Aaron Neville, Now and Forever

AP/Alex A. Menendez Photographs

Thirty years from now, with the Gulf having swallowed the southern parishes, from their homes on concrete stilts New Orleanians will catch the Canal Street gondola under silver pepper stars to an audio loop with Aaron Neville’s gorgeous reach.

“With your eyes so big and shiny
You can see the whole damn land
Yellow moon, can you tell me
If the girl’s with another man?”


That voice, the singer’s tale in cameo, is destined for longevity. How many vocalists today lay claim to truly cosmic reach?

Streisand? Sure. Paul Simon? Duh. Linda Ronstadt? Absolutely. How about Billy Joel? Nah. Norah Jones! Maybe. Whitney Houston? Um, well ... All right then: Aretha Franklin? Yes. And would everyone please stand for Dr. John?

Every singer has a different purchase on the simple force of beauty. The poetics of a given voice surround a song, teasing out the lines that last in the memory as if by some magical implantation. Neville is there by virtue of astonishing range and how his voice colors words in the rise of octaves unto a floating falsetto, like a cloud changing shape in the sky. The voice in its altitude gives new meaning to the words sung. Think of Al Green in his prime, the sinuous, cat-on-a-high wire quality, dancing high above instrumentation on “So In Love With You.”

Aaron Neville has a longer, more varied journey as a vocalist, much of which has been shaped by his love of gospel. The high notes are his mainstay. His take on “The Mouseketeer Song” summons a tenderness to make the hearts of many a baby boomer melt. But his CD Believe, a classic, taps spirituality from varied wellsprings. A childhood in pews of the Catholic Church shapes “Ave Maria.” His version of Hank Williams’ “I Saw The Light” turns on sharp lilts: “Then Jesus came like a stranger in the night,” he sings in a tenor baritone at medium tempo, then up like an angel: “Praise the Lord, I saw the light!”

The power of his falsetto pulls from a deep spirituality. In past interviews Neville has been blunt about his battle with a smack addiction and the St. Jude novenas he made in getting clean. On Believe, you get a sense of that past’s dark grip in his take of Bob Dylan’s composition, “Gotta Serve Somebody.” The guitar lines throb like some malevolent force coming fast behind – an evil spirit stalking you:

“You might be a rock ‘n’ roll addict
Prancin’ on the stage
You might have drugs at your command
Women in a cage
You may be a businessman
Or some high degree thief ...
But you’re gonna have to serve somebody … ”


And then the reach, the soaring voice trailing a message raw and hard: “Yes indeed you’re gonna have to serve somebody!”

In the new CD My True Story, Neville pays homage to the Doo Wop music of his adolescence in the 1950s, the lush harmonies of groups like the Orioles, Clyde McPhatter and the Drifters, the Platters and the Moonglows singing “Sincerely” – if all of this draws a blank on Generation X readers, find The Doo Wop Box on Rounder (you’ll thank me).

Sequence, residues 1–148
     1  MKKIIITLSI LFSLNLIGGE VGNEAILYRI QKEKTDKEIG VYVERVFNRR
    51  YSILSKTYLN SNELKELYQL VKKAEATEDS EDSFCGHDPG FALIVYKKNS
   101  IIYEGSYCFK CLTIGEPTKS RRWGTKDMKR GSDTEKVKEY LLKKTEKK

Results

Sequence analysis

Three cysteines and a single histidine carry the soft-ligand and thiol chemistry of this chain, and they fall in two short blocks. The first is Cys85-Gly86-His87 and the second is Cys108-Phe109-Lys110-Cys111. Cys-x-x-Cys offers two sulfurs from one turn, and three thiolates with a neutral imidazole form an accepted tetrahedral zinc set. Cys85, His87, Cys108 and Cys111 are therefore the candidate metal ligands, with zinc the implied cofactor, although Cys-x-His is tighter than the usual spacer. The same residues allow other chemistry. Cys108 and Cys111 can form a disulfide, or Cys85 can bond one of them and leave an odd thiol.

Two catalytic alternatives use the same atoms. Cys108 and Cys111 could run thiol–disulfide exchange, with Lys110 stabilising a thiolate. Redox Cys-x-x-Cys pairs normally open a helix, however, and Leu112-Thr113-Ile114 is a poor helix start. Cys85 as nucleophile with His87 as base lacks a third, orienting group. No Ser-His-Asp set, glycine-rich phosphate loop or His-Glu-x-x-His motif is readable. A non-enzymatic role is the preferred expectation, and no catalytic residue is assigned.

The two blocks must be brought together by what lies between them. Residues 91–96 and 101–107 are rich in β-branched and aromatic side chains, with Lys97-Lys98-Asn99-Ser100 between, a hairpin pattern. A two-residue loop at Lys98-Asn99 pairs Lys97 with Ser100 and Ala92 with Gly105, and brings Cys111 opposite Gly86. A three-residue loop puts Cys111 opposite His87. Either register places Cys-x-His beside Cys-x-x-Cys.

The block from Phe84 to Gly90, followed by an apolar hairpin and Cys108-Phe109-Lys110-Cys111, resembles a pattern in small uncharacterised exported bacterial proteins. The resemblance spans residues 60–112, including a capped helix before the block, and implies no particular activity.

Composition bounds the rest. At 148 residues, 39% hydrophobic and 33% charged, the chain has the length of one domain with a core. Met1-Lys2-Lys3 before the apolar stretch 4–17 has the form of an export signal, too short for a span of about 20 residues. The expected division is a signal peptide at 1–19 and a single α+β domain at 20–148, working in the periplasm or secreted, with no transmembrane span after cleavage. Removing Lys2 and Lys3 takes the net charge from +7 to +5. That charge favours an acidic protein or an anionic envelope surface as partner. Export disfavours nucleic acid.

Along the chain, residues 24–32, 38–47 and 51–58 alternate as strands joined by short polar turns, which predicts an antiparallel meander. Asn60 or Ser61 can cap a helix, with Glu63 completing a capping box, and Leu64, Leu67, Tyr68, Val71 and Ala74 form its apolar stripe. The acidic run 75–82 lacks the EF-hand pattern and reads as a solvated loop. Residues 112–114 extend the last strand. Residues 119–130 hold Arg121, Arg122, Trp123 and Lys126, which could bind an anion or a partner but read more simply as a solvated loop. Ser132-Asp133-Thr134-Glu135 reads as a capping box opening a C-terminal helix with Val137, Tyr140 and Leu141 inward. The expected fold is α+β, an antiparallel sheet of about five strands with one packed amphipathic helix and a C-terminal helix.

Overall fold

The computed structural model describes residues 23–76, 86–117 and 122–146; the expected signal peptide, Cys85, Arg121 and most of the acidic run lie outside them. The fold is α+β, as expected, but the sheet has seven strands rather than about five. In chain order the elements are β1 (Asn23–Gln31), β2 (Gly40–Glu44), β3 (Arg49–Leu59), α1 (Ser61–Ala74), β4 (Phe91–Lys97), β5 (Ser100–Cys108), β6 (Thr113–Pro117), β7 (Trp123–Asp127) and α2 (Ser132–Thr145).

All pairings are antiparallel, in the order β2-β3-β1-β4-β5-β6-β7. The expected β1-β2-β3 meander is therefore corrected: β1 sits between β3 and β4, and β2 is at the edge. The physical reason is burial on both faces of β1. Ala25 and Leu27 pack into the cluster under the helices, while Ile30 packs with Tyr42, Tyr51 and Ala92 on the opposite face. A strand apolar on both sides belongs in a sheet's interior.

The midcentury hits that Neville covers on the new CD range from a mellow crooning on “Gypsy Woman” and a rhapsodic flow on “Be My Baby” to the ever-tender “Tears on My Pillow.” But in contrast to the high-octave harmonics of classic Doo Wop groups, who blended their voices with racing polyrhythms and rocking backbeats, the arrangements on My True Story lean to the spare side, and wisely so. Dispensing with the tempo-charged choral refrains leaves a wider space and room for Neville’s voice to roam. It is hard to imagine he’s 72 years old, his voice sounds so young; but hitting the high notes is an aerobics feat for any singer in that age zone, even with chops like a Neville.

The gem of this CD is “Little Bitty Pretty One,” a 1957 Bobby Day composition that Thurston Harris sang so well it was covered again and again by, inter alia, Clyde McPhatter, the Jackson Five, Huey Lewis and the News and the Doobie Brothers.

It opens with a melody of scat singing and then the lines:

“Oh, little bitty pretty one,
Come on and talk to me,
Let me grab you lovely one
Come sit down on my knee.”


The nimble bounce in Neville’s voice puts a different patina on this one, a surface with all the sweetness one associates with those timeless lyrics from an era when love songs carried grand cargo as sensations of the heart, the lyrics rocking a message of love more than sex, and the erotic joys of dancing to rhythms spinning something new and hot. I keep wondering if the old adage that everyone remains loyal to music of their youth will apply to rap and hip-hop. Do I hear younger readers groan?

It is a surpassing pleasure to hear Neville rewrite pages of his past, singing anew the standards on which he grew up. Yet I couldn’t help but think that an even more pared-down Aaron Neville classic is yet to come. Put this man in a studio, let that gorgeous voice go a capella and sing what it will. If he wants a piano, why not? This guy is one golden spirit.


“Me and [Allen] Toussaint would ride around with a tape recorder and one day we pulled up to a big semi truck. The motor was going ‘rumble rumble rumble’ with a nice beat, you know, and Toussaint recorded that beat.”

– Aaron Neville, Up From the Cradle of Jazz
 

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